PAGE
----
And what level of success for the USA would surprise him? The quarter-finals again? Perhaps even beyond? Howard – who as fourth-choice keeper didn't quite make it into the 2002 squad, and was number two behind Kasey Keller in the USA's disappointing 2006 campaign – welcomes such a thrilling notion with a grin and a sensible sense of perspective.

"Well," he says, "we have gotten to the stage now where the expectation of our support is to get through the first round. Not to do that would be a failure, for sure, but from there anything can happen. If we play well in the second round but bow out, is that considered success? I don't know. What we do know is that we're resilient. By keeping our shape well and hitting teams on the break, we can pull off results, like beating Spain. Against England a draw would set us up really well. In most major tournaments four points gets you out of the group, but sometimes you get out with three, or sometimes four doesn't get you out. You can't hang everything on the first game."

As with just about every team in this World Cup, there are several key players on whom success depends. One of them is Howard himself, but let's spare his blushes and consider the others. "Clint Dempsey makes us go in attack. He has flair, he's creative, but also aggressive. Jozy Altidore is a big player for us, who scored big goals in qualifying. We need him to be on his game. Michael Bradley is our engine, in the middle of midfield breaking things up and starting counter-attacks, as well as helping the back four. And then there's Landon..."

Ah yes, Landon Donovan, the nearest thing to a talisman in the USA side, and a team-mate of Howard's for 13 games last season while on loan to Everton from LA Galaxy. For all his numerous international caps (123 of them) and a deserved reputation as the finest home-grown player in Major League Soccer, nothing will serve Donovan as well in South Africa, Howard believes, as his recent stint in the Premier League.

"He was already a very confident individual, but that was a really productive loan spell. He was an integral part of a team that got excellent results away at Arsenal, and beat Chelsea, United and City at home. To have been part of that will give him added confidence, knowing that he played in the top league against the top teams and he wasn't lost out there."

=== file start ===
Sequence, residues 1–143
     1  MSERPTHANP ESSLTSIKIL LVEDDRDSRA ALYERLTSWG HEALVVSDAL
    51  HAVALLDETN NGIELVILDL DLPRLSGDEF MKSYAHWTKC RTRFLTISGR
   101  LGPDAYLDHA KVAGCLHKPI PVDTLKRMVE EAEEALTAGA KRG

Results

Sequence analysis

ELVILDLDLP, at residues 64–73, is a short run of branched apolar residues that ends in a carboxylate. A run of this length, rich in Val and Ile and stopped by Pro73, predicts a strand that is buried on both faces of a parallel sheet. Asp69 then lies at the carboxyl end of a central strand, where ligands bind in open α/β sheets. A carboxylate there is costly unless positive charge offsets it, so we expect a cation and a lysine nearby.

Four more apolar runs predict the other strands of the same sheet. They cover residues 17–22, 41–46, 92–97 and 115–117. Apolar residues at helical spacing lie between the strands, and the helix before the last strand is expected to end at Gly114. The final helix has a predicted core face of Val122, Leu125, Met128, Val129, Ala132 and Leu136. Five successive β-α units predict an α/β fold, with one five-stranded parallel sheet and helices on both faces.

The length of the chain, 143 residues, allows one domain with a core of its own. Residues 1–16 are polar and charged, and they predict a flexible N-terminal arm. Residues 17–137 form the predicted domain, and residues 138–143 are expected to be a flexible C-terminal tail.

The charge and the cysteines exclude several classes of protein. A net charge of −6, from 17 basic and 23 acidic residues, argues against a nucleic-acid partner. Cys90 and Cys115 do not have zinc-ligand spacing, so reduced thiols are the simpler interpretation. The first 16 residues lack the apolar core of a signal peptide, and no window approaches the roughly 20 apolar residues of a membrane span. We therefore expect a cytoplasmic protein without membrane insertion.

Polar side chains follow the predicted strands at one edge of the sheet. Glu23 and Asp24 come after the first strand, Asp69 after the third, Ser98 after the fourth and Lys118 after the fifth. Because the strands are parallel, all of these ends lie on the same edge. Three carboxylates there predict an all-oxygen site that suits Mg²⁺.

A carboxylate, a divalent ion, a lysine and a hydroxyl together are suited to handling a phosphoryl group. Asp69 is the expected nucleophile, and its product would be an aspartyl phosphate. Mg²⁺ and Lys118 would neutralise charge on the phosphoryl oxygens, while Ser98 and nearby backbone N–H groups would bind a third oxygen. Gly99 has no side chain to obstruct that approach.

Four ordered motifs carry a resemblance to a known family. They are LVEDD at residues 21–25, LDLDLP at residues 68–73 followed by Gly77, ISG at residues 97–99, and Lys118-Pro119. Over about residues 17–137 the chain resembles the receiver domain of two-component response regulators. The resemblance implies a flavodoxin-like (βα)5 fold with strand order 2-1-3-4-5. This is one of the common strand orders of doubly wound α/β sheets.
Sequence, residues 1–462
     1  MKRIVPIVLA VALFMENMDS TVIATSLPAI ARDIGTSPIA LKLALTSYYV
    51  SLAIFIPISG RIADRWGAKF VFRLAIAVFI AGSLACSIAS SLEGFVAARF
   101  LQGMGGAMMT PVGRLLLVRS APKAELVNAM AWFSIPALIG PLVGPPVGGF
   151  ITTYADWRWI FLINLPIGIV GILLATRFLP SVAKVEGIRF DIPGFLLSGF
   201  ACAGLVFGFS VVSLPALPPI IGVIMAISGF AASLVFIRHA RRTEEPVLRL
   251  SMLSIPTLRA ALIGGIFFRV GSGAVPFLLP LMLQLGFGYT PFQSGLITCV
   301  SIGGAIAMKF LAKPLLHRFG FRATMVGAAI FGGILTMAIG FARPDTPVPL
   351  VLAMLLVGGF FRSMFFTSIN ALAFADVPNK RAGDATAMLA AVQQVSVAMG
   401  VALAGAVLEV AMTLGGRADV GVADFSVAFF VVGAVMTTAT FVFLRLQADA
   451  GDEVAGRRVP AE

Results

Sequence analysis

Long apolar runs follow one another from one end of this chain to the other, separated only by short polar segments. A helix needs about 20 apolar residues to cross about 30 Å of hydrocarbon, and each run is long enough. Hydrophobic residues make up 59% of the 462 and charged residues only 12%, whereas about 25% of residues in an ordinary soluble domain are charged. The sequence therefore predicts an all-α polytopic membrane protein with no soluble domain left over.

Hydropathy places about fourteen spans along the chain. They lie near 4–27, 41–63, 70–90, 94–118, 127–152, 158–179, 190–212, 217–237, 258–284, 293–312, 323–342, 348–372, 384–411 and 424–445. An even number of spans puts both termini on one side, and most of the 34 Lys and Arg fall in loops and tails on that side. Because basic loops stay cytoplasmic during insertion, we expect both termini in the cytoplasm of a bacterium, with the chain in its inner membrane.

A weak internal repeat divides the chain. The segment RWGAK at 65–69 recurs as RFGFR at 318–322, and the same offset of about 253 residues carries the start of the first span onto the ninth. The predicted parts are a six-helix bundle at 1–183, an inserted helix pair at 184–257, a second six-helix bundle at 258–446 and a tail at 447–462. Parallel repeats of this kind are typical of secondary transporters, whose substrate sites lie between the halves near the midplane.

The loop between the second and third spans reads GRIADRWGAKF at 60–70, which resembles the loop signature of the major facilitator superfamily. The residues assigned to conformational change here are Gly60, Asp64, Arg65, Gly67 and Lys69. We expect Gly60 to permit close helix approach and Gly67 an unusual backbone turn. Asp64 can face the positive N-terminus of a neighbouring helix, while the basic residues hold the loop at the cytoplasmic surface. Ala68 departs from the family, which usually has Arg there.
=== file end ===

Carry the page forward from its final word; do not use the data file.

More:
Howard, too, knows now that he can keep any footballing company and not feel over-awed, in which respect he has changed since Sir Alex Ferguson brought him into English football in 2003. "I am confident in the goalkeeper I have become," he tells me. "I no longer make decisions on the field and look to someone else to confirm that I've done the right thing, which is what I did at United, looking around for reinforcement from the superstars around me, guys like Roy Keane, Ryan Giggs, Rio Ferdinand. That was a great time in my career but I had to learn a lot very quickly. My first game was the Charity Shield against Arsenal with maybe 80,000 there, I was 23 years old, and I just ran on adrenalin. Now I play in big games and I'm calm."

Games don't come much bigger than World Cup fixtures against England, not that it will even register on the consciousness of many of his compatriots. Football – soccer if we must – has a committed following in the US, but if Howard needs any proof that it remains a minority-interest sport over there, he only has to head back to his home in Memphis, Tennessee. In fact, that's one of the reasons he likes going home, leaving behind the football-crazy north-west of England.